containing several to thousands of member
galaxies.
43
Irregular Galaxy
44
Galaxy Cluster
45
25.3 The Universe
? Red Shifts
Red shift, or a Doppler shift toward the red
end of the spectrum, occurs because the light
waves are stretched, which shows that Earth and
the source are moving away from each other.
? Hubbles Law
Hubbles law is a law that states that the
galaxies are retreating from the Milky Way at a
speed that is proportional to their distance.
The red shifts of distant galaxies indicate
that the universe is expanding.
46
25.3 The Universe
? Hubbles Law
To help visualize the nature of the universe,
imagine a loaf of raisin bread dough that has
been set out to rise for a few hours. As the
dough doubles in size, so does the distance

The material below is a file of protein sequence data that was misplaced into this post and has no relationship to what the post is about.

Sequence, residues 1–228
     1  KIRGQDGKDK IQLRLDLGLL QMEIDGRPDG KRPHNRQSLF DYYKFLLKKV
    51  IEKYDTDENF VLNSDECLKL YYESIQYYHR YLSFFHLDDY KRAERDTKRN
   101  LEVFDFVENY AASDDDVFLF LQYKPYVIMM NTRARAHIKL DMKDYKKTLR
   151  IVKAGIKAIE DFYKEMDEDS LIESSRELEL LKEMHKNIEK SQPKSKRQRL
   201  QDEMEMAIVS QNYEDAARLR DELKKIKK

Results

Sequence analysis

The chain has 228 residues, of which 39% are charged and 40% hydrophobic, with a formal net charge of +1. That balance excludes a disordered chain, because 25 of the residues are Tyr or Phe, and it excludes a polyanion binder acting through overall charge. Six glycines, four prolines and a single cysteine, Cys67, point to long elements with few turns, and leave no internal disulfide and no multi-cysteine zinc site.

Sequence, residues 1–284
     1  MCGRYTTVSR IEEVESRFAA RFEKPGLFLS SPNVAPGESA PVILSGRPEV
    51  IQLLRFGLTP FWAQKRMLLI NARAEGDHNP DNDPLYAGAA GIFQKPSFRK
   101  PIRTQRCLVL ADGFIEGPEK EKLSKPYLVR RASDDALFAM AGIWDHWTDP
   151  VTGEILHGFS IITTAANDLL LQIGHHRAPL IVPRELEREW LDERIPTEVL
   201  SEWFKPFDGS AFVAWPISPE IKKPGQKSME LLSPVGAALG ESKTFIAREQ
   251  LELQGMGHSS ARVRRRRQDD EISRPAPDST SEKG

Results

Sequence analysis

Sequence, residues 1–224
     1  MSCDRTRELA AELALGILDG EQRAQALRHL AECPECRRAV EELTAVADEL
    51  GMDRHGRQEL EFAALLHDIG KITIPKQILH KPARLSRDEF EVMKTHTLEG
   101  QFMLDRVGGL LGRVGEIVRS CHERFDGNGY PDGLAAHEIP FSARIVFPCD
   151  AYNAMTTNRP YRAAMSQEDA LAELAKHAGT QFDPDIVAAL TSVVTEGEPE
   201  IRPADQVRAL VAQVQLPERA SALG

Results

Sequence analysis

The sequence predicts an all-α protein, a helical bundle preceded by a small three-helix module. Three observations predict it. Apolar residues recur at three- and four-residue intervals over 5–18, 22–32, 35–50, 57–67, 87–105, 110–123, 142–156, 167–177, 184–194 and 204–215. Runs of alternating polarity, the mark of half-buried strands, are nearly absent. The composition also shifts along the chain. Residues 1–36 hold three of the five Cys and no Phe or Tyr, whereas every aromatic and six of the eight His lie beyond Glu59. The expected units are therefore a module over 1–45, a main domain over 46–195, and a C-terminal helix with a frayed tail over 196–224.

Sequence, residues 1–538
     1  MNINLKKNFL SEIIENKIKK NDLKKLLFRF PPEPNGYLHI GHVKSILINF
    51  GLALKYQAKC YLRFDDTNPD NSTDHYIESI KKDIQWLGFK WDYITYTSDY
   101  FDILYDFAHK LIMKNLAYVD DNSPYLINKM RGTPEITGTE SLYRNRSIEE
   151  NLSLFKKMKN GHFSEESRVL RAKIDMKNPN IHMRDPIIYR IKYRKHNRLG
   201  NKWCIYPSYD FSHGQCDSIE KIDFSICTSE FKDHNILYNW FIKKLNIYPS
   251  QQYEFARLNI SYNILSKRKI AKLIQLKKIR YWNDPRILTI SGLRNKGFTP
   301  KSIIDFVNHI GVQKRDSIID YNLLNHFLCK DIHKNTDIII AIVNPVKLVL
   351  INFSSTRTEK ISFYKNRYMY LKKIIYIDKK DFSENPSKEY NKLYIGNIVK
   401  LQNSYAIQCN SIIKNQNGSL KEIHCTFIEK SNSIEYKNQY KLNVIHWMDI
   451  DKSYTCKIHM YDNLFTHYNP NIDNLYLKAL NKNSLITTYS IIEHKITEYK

between all the raisins. Those objects located
father apart move away from each other more
rapidly.
47
Raisin Bread Dough Analogy
48
25.3 The Universe
? The big bang theory states that at one time,
the entire universe was confined to a dense, hot,
supermassive ball. Then, about 13.7 billion years
ago, a violent explosion occurred, hurling this
material in all directions.
49
The Big Bang
50
25.3 The Universe
? Supporting Evidence
The red shift of galaxies supports the big
bang and the expanding universe theories.
Scientists discovered a type of energy called
cosmic background radiation. Scientists think
that this radiation was produced during the big
bang.
51
25.3 The Universe
? The Big Crunch?
The future of the universe follows two
possible paths
1. The universe will expand forever.
2. The outward expansion will stop and
gravitational contraction will follow.
The view currently favored by most scientists
is an expanding universe with no ending point.
It should be noted, however, that the methods
used to determine the ultimate fate of the
universe have substantial uncertainties.